New Zealand will take in 750 Syrian refugees over the next two-and-a-half years, including 600 in a special emergency intake.
Immigration Minister Michael Woodhouse made the announcement this afternoon and says of the 750, only 150 will be part of New Zealand's 2015/2016 refugee quota.
It will also give $4.5 million for aid in Syria.
"On top of that we’ll take in another 100 Syrians in this financial year, and a further 500 over the next two financial years," Mr Woodhouse says.
"Like most New Zealanders, the Government is very concerned at the humanitarian crisis now unfolding in Syria and Europe that has visibly worsened in recent times."
He called the decision an "appropriate response" and says official advice was than any more than an increase of 100 this year "could put unreasonable strains on services".
Bringing in the extra refugees is estimated to cost $48.8 million over the two-and-a-half year period on top of the $58 million the Government spends annually on resettling refugees.
"This commitment will be in addition to any decisions that may come out of the standard three-year review of the refugee quota which will take place in 2016 as planned."
Prime Minister John Key says images of thousands of Syrians being pushed out of their country by Islamic State have been "heartbreaking" for those around the world.
"The Government shares its concerns and is willing to do its part as a good international citizen".
The proposal was taken to Cabinet to get its approval today.
Mr Key says the refugees will be chosen via existing United Nations channels and New Zealand officials will be heading to the region in the next few weeks.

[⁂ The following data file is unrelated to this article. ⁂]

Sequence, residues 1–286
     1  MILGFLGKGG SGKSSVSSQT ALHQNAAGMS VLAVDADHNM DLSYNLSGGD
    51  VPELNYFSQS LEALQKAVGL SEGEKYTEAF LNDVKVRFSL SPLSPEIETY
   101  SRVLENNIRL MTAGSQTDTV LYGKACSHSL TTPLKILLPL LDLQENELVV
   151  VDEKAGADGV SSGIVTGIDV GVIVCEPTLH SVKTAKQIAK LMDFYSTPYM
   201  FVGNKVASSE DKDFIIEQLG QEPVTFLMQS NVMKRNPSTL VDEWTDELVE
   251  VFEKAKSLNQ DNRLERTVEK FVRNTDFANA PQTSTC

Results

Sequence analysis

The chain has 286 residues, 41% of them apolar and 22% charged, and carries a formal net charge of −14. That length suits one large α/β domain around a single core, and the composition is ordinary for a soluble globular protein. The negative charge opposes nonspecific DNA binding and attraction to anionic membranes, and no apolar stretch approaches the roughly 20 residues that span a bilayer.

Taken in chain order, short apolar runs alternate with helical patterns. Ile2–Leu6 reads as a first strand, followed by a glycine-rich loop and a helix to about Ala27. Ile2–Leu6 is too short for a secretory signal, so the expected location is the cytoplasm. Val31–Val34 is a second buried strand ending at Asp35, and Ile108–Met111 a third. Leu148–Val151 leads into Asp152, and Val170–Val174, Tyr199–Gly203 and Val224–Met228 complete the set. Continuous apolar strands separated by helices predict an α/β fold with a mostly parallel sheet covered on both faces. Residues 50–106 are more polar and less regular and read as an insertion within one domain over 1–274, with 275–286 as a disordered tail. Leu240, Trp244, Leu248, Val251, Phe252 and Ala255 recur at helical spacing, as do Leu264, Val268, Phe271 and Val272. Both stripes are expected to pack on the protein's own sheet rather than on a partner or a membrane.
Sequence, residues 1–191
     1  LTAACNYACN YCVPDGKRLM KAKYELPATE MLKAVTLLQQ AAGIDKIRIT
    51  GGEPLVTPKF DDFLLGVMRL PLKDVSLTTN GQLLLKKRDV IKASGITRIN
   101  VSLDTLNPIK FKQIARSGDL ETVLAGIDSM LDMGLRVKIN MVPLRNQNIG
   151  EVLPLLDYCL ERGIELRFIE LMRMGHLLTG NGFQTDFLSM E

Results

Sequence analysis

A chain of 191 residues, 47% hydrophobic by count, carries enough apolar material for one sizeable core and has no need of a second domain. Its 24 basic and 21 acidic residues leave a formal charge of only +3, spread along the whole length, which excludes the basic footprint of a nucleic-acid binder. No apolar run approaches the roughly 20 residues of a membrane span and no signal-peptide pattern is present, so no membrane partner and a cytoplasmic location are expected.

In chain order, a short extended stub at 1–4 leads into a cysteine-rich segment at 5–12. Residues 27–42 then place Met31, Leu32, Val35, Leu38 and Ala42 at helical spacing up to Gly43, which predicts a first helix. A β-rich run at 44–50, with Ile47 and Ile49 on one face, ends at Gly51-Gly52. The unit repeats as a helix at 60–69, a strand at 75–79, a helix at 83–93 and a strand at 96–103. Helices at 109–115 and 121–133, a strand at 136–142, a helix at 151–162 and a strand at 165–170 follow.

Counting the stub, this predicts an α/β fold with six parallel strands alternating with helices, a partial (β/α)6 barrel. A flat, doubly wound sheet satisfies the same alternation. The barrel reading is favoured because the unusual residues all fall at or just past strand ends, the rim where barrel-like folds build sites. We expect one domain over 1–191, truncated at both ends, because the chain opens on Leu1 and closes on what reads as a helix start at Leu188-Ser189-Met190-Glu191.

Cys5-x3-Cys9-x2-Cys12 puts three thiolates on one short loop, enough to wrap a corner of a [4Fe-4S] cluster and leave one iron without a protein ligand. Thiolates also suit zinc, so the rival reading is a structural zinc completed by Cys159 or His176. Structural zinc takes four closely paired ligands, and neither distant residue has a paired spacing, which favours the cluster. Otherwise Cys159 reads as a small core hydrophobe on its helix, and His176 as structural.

It is possible the refugees will be placed in Housing New Zealand homes in Wellington or Auckland where Syrian communities already exist.
However, he denied he'd bowed to public pressure from all sides to increase the quota, saying he'd been seeking advice from officials since early last week.
He said the graphic images coming out of Europe over the past week have made other countries change their stance on taking Syrian refugees.
Meanwhile, the Catholic and Anglican churches were the latest to say more should be done to help the refugees, and together estimated they could care for up to 300 four-person families.
Mr Key says there is a "role to play for the wider community" and those wanting to volunteer or help can do so via organisations like the Red Cross.
"What these refugees need most is to feel welcome and safe in communities that are willing to help them settle into and start their new life."
Despite the Government's announcement this afternoon, the Green Party says it will still push on with MP Denise Roche's members' Bill which would permanently increase New Zealand's refugee quota.
While co-leader James Shaw says the increase is a "good first step", it doesn't solve the long-term problem of the country's "embarrassingly low" refugee quota which hasn't increased for around 30 years.
He says there is backing from all parties in Parliament to allow the Bill to be introduced tomorrow, except for National.
"The Prime Minister would be just playing politics not to allow Parliament to debate it."
Mr Key says National would shut down the Bill when it is introduced tomorrow.
Ms Roche's Bill would increase the quota to 1000 refugees a year.